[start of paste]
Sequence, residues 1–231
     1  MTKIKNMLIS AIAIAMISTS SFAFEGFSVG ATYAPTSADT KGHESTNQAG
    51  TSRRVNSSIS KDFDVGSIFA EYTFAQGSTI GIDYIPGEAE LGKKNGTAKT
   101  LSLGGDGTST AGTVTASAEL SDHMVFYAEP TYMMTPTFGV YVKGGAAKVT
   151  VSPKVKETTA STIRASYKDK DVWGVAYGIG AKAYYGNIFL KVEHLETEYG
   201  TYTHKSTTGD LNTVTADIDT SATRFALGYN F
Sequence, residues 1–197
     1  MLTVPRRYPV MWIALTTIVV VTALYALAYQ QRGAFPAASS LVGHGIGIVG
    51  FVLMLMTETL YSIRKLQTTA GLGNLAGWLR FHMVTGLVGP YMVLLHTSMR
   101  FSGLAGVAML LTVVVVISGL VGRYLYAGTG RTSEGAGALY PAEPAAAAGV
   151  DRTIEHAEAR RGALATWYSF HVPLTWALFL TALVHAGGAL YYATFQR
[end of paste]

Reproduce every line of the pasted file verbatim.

Sequence, residues 1–231
     1  MTKIKNMLIS AIAIAMISTS SFAFEGFSVG ATYAPTSADT KGHESTNQAG
    51  TSRRVNSSIS KDFDVGSIFA EYTFAQGSTI GIDYIPGEAE LGKKNGTAKT
   101  LSLGGDGTST AGTVTASAEL SDHMVFYAEP TYMMTPTFGV YVKGGAAKVT
   151  VSPKVKETTA STIRASYKDK DVWGVAYGIG AKAYYGNIFL KVEHLETEYG
   201  TYTHKSTTGD LNTVTADIDT SATRFALGYN F
Sequence, residues 1–197
     1  MLTVPRRYPV MWIALTTIVV VTALYALAYQ QRGAFPAASS LVGHGIGIVG
    51  FVLMLMTETL YSIRKLQTTA GLGNLAGWLR FHMVTGLVGP YMVLLHTSMR
   101  FSGLAGVAML LTVVVVISGL VGRYLYAGTG RTSEGAGALY PAEPAAAAGV
   151  DRTIEHAEAR RGALATWYSF HVPLTWALFL TALVHAGGAL YYATFQR